Sales of previously occupied U.S. homes fell for the ninth straight month in October to the slowest pre-pandemic sales pace in more than 10 years, as homebuyers faced a sharp rise in mortgage rates, rising home prices And faced fewer properties on the market.
The National Association of Realtors said Friday that sales of existing homes fell 5.9 percent last month from September to a seasonally adjusted annual rate of 4.43 million. The NAR said this year’s streak of monthly sales declines is the longest on record since 1999 data.
Sales rose 28.4 percent from October last year. Excluding a sharp slowdown in sales that occurred near the start of the pandemic in May 2020, sales are now at their slowest annual pace since December 2011, when the housing market weakened after the foreclosure crisis of the late 2000s. There was still a deep depression.
Despite the slowdown, home prices continued to climb last month, albeit at a slower pace than earlier this year. The national median home price rose 6.6 percent to $379,100 in October from a year earlier.
The median home price is now about 8 percent below its peak in June, but 40 percent higher than where it was in October 2019 before the pandemic, said Lawrence Yun, NAR’s chief economist. According to Pantheon Macroeconomics, house prices have fallen by about 32 percent since January.
“It’s really hurting affordability,” he said. “Most household incomes have not increased by 40 percent.”
Rising mortgage rates
House hunters had fewer properties to choose from as listings of homes on the market fell for the third month in a row. About 1.22 million homes were on the market at the end of October, down 0.8 percent from September, the NAR said.
This equates to a 3.3 month supply at the current monthly sales pace. A more balanced market between buyers and sellers has a 5-6 month supply.
The housing market is slowing as the average long-term U.S. mortgage rate has more than doubled from a year ago, making housing less affordable.
The average rate on a 30-year home loan this week was 6.61 percent, according to mortgage buyer Freddie Mac. A year ago, the average rate was 3.1 percent. Late last month, the average rate rose above 7 percent for the first time since 2002.
“The decline in sales this year has reflected a slowdown in mortgage demand as affordability has deteriorated,” Ian Shepherdson, Pantheon’s chief economist, said in a report. They expect residential property sales to decline further.
Rising home loan rates reduce homebuyers’ purchasing power by adding hundreds of dollars to monthly mortgage payments. They also discourage homeowners who held off on buying a new home at extremely low rates in the past two years. This, in turn, may limit the number of homes available for sale.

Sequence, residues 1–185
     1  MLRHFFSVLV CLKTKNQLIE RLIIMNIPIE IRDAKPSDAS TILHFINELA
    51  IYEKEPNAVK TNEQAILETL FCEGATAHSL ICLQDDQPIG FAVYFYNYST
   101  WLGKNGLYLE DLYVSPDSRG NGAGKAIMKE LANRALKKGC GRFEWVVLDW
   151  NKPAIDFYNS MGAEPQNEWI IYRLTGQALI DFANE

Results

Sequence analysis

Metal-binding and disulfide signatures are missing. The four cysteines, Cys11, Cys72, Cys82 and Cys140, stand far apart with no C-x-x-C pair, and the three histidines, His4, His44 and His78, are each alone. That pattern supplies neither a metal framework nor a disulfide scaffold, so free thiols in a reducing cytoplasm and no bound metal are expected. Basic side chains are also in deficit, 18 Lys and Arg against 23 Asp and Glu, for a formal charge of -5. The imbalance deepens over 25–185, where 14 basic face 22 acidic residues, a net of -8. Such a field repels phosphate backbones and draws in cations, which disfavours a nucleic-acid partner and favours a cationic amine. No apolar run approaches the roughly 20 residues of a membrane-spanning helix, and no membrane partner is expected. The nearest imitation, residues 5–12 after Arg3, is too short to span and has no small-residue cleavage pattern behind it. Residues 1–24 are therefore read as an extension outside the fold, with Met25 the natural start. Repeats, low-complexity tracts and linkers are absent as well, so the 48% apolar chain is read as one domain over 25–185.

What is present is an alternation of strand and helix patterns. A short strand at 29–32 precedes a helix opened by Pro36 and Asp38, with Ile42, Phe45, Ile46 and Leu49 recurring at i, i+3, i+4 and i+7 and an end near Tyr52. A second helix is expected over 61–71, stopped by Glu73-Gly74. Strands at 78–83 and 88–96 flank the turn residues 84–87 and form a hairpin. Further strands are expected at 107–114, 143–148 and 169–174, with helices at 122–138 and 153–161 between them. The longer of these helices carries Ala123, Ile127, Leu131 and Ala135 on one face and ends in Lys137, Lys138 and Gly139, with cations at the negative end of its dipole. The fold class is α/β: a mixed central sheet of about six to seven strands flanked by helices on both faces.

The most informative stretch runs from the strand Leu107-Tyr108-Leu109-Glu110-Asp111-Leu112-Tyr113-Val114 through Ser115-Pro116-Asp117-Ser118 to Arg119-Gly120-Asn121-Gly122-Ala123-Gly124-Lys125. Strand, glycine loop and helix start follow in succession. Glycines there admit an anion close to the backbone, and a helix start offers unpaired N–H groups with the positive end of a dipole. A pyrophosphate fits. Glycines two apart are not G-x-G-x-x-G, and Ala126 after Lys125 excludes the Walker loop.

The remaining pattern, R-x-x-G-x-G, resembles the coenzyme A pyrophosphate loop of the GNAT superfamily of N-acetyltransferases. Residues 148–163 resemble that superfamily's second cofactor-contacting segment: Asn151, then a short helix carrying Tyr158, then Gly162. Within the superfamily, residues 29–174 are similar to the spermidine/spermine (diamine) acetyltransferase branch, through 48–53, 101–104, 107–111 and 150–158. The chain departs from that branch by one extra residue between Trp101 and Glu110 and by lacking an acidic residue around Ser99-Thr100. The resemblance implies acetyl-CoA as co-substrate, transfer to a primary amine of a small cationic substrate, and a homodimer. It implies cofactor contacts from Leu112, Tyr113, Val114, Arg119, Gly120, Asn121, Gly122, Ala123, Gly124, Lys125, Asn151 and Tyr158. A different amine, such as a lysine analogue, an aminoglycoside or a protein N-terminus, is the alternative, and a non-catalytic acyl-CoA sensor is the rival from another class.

Mortgage rates are likely to remain a key hurdle for homebuyers for some time as the Federal Reserve continues to signal its intention to continue raising short-term interest rates to ease the steepest inflation in decades. is given
Two weeks ago, the Fed raised its short-term lending rate for the fourth time this year by another 0.75 percentage points, three times its usual margin. Its key rate is now in the range of 3.75% to 4%.
While mortgage rates don’t necessarily reflect Fed rate hikes, they do track the yield on the 10-year Treasury note. Yields are affected by a variety of factors, including investors’ expectations for future inflation and global demand for US Treasuries.
Competition remains fierce.
With the number of properties on the market still relatively low by historical standards, sellers continue to receive multiple offers, particularly for very affordable homes where competition remains fierce.
On average, homes sold in just 21 days after being on the market last month, up from 19 days in September, NAR said. Before the pandemic, homes typically sold within 30 days of being listed for sale.
For buyers, the ongoing slowdown in the housing market certainly has benefits.
“Other leading indicators of home demand suggest that the housing market is likely to contract further,” Jeffrey Roach, chief economist at LPL Financial, said in an email. “The tight supply of homes, the demographic landscape and continued geographic shifts mean that the housing market is unlikely to repeat the experience of the Great Financial Crisis. As the housing market cools further, median prices should decline. That will help bring the affordability level back up. The rest.”
According to Zillow, the monthly mortgage payment on a typical home purchase in October was $1,910. That’s up 77% from a year ago and up 107% — or nearly $1,000 — from 2019.